Country Lore: A $2,000 Garage

This reader constructed a pole barn, and she spent very little money doing it.

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After moving to our North Carolina mountain cabin, we looked to Mother Earth News for ideas before building our garage/shop. After spending hours at a local restaurant drawing plans on the place mats, my husband and his buddy Jim started a rustic but economical project. They planned to erect an 18-by-24-foot pole barn, made mostly of logs, with a steel roof.

Their first job was to go into our woods and cut hickory, poplar and oak trees for the cross beams. Then they went to a local sawmill and bought 2-by-10-foot yellow pine for the rafters and assorted seconds for the siding. All of the sawmill lumber was irregularly sized leftovers, costing two-thirds less than usual.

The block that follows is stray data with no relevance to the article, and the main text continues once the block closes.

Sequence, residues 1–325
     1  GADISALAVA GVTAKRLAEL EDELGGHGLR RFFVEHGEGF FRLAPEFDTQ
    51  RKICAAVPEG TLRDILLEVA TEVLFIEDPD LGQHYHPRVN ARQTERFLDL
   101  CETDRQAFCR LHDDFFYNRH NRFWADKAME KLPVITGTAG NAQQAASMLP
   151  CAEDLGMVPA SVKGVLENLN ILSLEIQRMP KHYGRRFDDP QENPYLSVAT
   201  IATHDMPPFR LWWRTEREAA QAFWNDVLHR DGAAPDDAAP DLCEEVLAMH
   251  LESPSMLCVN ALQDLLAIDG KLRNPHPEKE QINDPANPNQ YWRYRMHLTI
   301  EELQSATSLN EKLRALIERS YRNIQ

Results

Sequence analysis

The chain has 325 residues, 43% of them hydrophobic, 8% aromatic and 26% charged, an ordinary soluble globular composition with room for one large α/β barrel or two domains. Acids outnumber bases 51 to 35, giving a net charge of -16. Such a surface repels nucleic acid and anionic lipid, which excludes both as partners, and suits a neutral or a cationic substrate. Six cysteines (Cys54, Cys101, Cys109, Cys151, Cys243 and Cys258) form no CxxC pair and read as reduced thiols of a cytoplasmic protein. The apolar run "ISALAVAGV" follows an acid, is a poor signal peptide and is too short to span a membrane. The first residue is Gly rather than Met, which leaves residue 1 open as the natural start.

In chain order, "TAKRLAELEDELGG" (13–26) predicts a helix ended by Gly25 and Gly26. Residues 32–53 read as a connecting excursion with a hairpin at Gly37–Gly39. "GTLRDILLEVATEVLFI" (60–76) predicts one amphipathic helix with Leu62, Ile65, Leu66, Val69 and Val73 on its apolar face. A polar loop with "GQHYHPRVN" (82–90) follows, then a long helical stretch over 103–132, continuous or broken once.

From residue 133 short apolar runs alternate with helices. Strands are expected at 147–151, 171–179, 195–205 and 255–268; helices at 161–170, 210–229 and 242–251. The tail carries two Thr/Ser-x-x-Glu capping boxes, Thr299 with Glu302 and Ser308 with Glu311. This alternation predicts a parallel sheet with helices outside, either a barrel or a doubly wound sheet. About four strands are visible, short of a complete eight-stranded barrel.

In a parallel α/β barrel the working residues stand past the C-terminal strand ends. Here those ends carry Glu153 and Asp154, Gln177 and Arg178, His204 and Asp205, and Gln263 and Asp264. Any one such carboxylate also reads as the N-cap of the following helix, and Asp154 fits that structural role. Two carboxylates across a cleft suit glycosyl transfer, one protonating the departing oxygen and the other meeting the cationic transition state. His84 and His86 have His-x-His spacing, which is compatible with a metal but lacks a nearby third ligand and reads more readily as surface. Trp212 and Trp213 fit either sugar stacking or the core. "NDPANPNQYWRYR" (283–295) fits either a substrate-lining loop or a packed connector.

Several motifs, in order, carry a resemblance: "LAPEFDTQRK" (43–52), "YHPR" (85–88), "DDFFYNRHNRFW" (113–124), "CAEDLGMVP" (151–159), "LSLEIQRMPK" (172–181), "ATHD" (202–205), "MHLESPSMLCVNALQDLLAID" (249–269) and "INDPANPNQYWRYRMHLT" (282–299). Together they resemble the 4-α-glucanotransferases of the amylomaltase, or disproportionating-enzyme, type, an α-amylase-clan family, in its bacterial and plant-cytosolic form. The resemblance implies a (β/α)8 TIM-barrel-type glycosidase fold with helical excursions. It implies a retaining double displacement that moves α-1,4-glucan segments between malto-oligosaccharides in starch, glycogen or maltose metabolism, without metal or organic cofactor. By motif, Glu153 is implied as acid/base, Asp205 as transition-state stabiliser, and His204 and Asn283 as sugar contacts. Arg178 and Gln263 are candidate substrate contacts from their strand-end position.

Next, they found a 16-by-17-foot insulated garage door, with opener, for $50 at a yard sale. They installed several windows, also purchased at yard sales, for extra light and ventilation. And they had the floor of the shop poured, for a very reasonable price, by a local cement company. The only things purchased from a retail lumber company were nails, screws and eight 2-by-10-foot pressure-treated boards.

The shop has 9-foot sidewalls with a 45-degree pitched roof that offers us lots of good storage space. We ended up with a versatile and unique shop for about $2,000. It fit our budget; it’s almost all natural, and the best part — it’s done!

Bette Balmer
Franklin, North Carolina